What I wasn’t prepared for was learning how journalists around the world are all dealing with the same things: Layoffs and cutbacks. Concern about career opportunities. Annoying bosses and bureaucratic corporate culture. Frustration over government obfuscation.
     One of the most striking conversations was with female journalists from India, Australia and Iran, three of the most different places one can imagine. And yet we all shared a similar experience—sexist, misogynistic comments from trolls on our stories. In one case, a reporter was attacked for simply encouraging racial and gender diversity among financial advisors. Some were more severe than others, but what amazed me was how each moved past the disparaging remarks—and threats, in some cases—to continue doing important reporting on social issues. As the saying goes, nevertheless, they persisted.
     Despite our different backgrounds, we shared a passion for news stories, for uncovering wrongdoing, for affecting positive change. We had other traits in common—similar senses of humor, a healthy skepticism of authority and a general disdain of pomp and circumstance. It’s what bonded us, to some degree, and created friendships that I hope continue for years to come.
     I left the conference with a new appreciation of the work that journalists are doing in counties such as Serbia, Argentina and Italy. The journalists I met may not be aware of SPJ’s Code of Ethics, but they are meeting those standards every day. They are seeking truth and reporting it, acting independently; being accountable and transparent and minimizing harm. They reminded me of the importance of the work we do and the work that SPJ fights for and champions year after year.
     The journalists I met deserve a toast for their hard work and dedication. I raise a glass to them all.
—–

Rebecca Baker is managing editor of the New York Law Journal, the largest-circulation legal daily newspaper in the country. She has been a reporter for The (Bergen) Record in New Jersey, The Journal News in Westchester County, New York, and the New Haven Register in Connecticut.

She is a member of SPJ’s national board as Region 1 Director, overseeing all student and professional SPJ chapters in the Northeast. She is on the advisory council of The Deadline Club in New York City, where she also served as president, awards contest chairwoman and events chairwoman.

More than 90 journalists from over 55 countries gathered from April 2-8 for the World Journalists Conference in South Korea. The Society of Professional Journalists represented by Lynn Walsh, Rebecca Baker and Elle Toussi attended the conference. For more information about the conference and any other international journalism conferences please reach out to the SPJ International Community here.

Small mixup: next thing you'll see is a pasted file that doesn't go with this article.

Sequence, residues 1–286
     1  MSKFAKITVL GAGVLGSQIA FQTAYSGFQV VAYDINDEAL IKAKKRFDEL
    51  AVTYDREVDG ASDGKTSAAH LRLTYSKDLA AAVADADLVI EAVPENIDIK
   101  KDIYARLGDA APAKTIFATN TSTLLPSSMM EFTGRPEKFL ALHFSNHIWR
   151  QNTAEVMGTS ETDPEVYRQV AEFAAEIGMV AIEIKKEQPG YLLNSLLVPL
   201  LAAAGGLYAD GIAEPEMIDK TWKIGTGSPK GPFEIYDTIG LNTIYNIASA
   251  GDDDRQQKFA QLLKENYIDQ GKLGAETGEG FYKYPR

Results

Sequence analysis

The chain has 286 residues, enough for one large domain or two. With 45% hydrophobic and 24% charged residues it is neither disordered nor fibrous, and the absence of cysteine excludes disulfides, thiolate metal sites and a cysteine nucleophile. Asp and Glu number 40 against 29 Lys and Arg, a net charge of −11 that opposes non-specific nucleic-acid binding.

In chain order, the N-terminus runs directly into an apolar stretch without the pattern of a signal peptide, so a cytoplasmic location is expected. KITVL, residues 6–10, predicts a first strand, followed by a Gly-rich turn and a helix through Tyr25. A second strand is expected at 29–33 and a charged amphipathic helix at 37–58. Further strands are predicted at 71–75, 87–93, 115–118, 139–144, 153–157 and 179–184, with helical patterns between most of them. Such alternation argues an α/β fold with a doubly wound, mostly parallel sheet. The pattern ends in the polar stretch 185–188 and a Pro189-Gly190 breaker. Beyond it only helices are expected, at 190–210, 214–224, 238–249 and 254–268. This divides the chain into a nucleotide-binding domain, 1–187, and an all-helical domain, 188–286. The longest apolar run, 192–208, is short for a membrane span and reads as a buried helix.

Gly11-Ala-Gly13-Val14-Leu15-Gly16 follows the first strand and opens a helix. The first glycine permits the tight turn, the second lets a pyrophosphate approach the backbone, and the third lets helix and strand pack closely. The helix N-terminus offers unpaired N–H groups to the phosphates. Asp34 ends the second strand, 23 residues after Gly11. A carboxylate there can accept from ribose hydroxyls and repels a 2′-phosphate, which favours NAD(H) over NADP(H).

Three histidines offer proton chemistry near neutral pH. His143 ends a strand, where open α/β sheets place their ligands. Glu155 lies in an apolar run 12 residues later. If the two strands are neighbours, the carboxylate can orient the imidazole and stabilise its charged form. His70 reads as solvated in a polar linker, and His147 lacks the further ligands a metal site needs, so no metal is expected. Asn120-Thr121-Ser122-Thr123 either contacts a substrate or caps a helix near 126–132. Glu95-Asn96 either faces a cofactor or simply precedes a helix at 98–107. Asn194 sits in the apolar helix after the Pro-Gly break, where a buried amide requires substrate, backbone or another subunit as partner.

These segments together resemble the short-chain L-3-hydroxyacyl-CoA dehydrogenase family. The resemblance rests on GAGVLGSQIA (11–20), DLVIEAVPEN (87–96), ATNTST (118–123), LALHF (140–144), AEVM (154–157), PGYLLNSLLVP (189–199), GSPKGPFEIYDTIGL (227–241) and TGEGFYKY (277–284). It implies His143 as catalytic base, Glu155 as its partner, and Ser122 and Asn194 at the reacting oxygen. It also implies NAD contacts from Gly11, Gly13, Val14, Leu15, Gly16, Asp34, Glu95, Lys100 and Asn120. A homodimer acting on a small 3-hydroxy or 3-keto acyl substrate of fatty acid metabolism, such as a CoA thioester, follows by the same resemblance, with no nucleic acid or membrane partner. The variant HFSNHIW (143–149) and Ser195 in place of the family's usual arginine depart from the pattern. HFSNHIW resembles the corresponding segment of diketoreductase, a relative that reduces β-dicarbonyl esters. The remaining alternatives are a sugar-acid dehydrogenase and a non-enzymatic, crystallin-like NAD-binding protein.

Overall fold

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The 2016 US Election and Global Journalism

American journalists and journalism prof Dan Gillmor gave the keynote address to the Congress of Journalists of Catalonia (Spain) last week. He chose as his theme free speech, the Donald Trump victory and the need for journalists to be activists.

And please note, this is a speech about a basic American value: Freedom of Speech/Press, presented by an American to a Spanish group of journalists. This is a discussion that is not limited to the States.

You can read the whole speech at Gillmor’s website.

Here are some key points:

I have three goals this morning.

First, to give you my impressions of how journalism performed during this election campaign. The short answer is that journalism failed, with some exceptions.

My second goal is to help you understand why I believe the Trump presidency could well be a turning point – a negative one – for free speech and other fundamental liberties in my country. That would have impact far beyond our shores.

Finally, I want to ask journalists – here and in America and everywhere – to be activists.

Activists for freedom of expression, among the liberties that are at the core of societies where freedom is an institution, not just a word.

Activists for media literacy, the foundation of which is critical thinking.


Our media organizations helped create the climate for someone like Trump to succeed. They’ve been selling fear for decades. For example, in America, at a time the lowest crime rates in many decades, our media have persuaded the public that the risk of being a victim is higher than ever. The risk of any individual person in America becoming a victim is terrorism is exceedingly low, but our media have persuaded the public that the opposite is true.


Trump drew audiences, which boosted ratings, and advertisers sent money. The head of CBS, one of the US media companies that profited wildly from Trump, will be infamous forever for what he said at a business conference early this year: “The money’s rolling in and this is fun. I’ve never seen anything like this, and this going to be a very good year for us. Sorry. It’s a terrible thing to say. But, bring it on, Donald. Keep going.”